The total number of persons infected or colonised with vancomycin-resistant enterococci mandatorily reported to the Swedish Institute for Infectious Disease Control increased dramatically during 2007 and 2008. During a period of twenty months from 1 July 2007 to 28 February 2009, a total of 760 cases were reported compared with 194 cases reported during the entire period from 2000 to 2006. This rise was mainly attributed to a wide dissemination of vancomycin resistant enterococci which started in a number of hospitals in Stockholm in the autumn of 2007 and was followed by dissemination in various healthcare facilities (hospitals and homes for the elderly) in a further two Swedish counties in 2008. The majority of the cases (97%) were acquired in Sweden and among these, healthcare-acquired E. faecium vanB dominated (n=634). The majority of these isolates had identical or closely related pulsed-field gel electrophoresis patterns indicating clonal dissemination in the affected counties. The median minimum inhibitory concentration of vancomycin was 32 mg/L (ranging from 4 to > 128 mg/L) and of teichoplanin 0.12 mg/L (ranging from 0.06 to 0.25 mg/L). Particular emphasis was placed on countermeasures such as screening, contact tracing, cleaning procedures, education in accurate use of infection control practices as well as increasing awareness of hygiene among patients and visitors. With these measures the dissemination rate decreased substantially, but new infections with the E. faecium vanB strain were still detected.

  • 4. Vagoras, A
    et al.
    Butylkina, R
    Juseviciute, V
    Hallén, Anders
    Uppsala University, Disciplinary Domain of Medicine and Pharmacy, Faculty of Medicine, Department of Medical Sciences.
    Unemo, M
    Domeika, M
    Uppsala University, Disciplinary Domain of Medicine and Pharmacy, Faculty of Medicine, Department of Medical Sciences.
    Diagnosis of non-viral sexually transmitted infections in Lithuania and international recommendations2006In: Eurosurveillance, ISSN 1025-496X, E-ISSN 1560-7917, Vol. 11, no 7, p. 161-164Article in journal (Refereed)
    Abstract [en]

    The aim of this study is to evaluate the range, quality and availability of diagnostic services for non-viral sexually transmitted infections (STIs), i.e. C. trachomatis, N. gonorrhoeae, T. vaginalis and T. pallidum, in Lithuania from September 2002 to December 2003. Surveillance data describing the organisation and performance characteristics of non-viral STI diagnostic services in Lithuania were collected using a questionnaire and subsequent site-visits. International evidence-based recommendations for non-viral STI diagnosis were used to evaluate the quality of the STI diagnostics. There were 171 facilities providing non-viral STI diagnostic services for the 3.5 million inhabitants of Lithuania. However, only 6% (n=9) of the respondents (n=153) could provide a confirmatory diagnosis, in accordance with international recommendations, for the full minimum range of relevant non-viral STIs in Lithuania, i.e. C. trachomatis, N. gonorrhoeae, T. pallidum, and T. vaginalis. In addition, accessibility to STI diagnostic services differed significantly among the different counties in Lithuania. Several of the respondents analysed low numbers of samples each year, and overall the sampling size was extremely low, especially for C. trachomatis diagnostics. In Lithuania, optimisation of non-viral STI diagnostics as well as of epidemiological surveillance and management of STIs is crucial. It may be worth considering a decrease in the number of laboratories, with those remaining having the possibility of performing STI diagnostic services that are optimised, in concordance with international recommendations, standardised, and quality assured using systematic internal and external quality controls and systems. In addition, establishment of national inter-laboratory networks and reference centres for non-viral STIs is recommended.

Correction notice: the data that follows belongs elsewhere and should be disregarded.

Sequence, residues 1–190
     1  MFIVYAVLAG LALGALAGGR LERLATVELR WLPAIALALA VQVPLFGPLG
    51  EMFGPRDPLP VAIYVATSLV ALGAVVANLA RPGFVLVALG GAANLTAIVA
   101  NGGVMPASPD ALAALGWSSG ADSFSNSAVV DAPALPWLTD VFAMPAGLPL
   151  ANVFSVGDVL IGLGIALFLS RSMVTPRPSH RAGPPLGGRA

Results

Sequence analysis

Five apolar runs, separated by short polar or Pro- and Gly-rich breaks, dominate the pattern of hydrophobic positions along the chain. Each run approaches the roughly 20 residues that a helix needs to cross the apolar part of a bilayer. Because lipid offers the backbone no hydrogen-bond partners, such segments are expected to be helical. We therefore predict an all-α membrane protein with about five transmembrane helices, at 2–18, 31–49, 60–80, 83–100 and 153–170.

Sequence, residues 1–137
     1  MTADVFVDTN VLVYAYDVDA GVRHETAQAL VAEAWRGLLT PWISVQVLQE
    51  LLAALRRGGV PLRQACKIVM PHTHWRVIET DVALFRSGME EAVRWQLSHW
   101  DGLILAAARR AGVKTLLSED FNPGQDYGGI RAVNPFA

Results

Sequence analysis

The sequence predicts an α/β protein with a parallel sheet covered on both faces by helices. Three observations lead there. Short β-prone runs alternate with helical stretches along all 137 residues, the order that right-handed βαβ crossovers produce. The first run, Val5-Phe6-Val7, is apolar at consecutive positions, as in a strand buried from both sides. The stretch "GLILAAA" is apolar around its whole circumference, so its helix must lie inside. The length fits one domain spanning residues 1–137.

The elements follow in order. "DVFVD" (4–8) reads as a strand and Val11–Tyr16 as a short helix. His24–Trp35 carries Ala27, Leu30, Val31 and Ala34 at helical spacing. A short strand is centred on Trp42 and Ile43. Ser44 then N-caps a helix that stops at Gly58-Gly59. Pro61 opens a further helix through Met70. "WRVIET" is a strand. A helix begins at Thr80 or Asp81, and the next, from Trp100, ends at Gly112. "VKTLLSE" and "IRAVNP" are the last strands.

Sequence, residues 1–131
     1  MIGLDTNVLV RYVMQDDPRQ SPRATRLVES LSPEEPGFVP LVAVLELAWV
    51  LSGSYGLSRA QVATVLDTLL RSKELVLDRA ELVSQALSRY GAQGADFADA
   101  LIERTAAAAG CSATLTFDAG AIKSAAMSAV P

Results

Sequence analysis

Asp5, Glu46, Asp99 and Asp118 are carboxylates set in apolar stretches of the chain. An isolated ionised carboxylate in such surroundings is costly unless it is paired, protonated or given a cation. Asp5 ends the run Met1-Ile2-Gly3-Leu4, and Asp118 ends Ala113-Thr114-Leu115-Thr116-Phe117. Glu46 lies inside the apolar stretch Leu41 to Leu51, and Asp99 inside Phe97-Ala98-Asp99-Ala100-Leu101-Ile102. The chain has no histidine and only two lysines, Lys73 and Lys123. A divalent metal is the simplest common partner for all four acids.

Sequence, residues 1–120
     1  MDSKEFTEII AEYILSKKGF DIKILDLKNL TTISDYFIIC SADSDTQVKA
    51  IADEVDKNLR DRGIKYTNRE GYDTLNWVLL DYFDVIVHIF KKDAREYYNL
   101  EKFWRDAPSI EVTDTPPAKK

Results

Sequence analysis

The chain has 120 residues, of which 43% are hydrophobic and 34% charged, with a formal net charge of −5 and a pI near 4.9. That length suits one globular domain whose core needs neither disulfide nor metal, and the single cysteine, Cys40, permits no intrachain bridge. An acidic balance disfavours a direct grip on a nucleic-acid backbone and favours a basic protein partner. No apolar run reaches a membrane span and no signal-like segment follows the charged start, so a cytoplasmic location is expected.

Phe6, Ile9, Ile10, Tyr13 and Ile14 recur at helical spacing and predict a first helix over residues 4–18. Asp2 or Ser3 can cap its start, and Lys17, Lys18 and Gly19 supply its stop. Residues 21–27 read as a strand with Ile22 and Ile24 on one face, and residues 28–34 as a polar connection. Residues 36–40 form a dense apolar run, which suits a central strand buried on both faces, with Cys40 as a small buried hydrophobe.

• 5.
    Wallensten, Anders
    et al.
    Uppsala University, Disciplinary Domain of Medicine and Pharmacy, Faculty of Medicine, Department of Medical Sciences, Infectious Diseases.
    Fredlund, H.
    Runehagen, A.
    Multiple human-to-human transmission from a severe case of psittacosis, Sweden, January-February 20132014In: Eurosurveillance, ISSN 1025-496X, E-ISSN 1560-7917, Vol. 19, no 42, p. 34-39Article in journal (Refereed)
    Abstract [en]

    Proven transmission of Chlamydia psittaci between humans has been described on only one occasion previously. We describe an outbreak which occurred in Sweden in early 2013, where the epidemiological and serological investigation suggests that one patient, severely ill with psittacosis after exposure to wild bird droppings, transmitted the disease to ten others: Two family members, one hospital roommate and seven hospital caregivers. Three cases also provided respiratory samples that could be analysed by PCR. All the obtained C. psittaci sequences were indistinguishable and clustered within genotype A. The finding has implications for the management of severely ill patients with atypical pneumonia, because these patients may be more contagious than was previously thought. In order to prevent nosocomial person-to-person transmission of C. psittaci, stricter hygiene measures may need to be applied.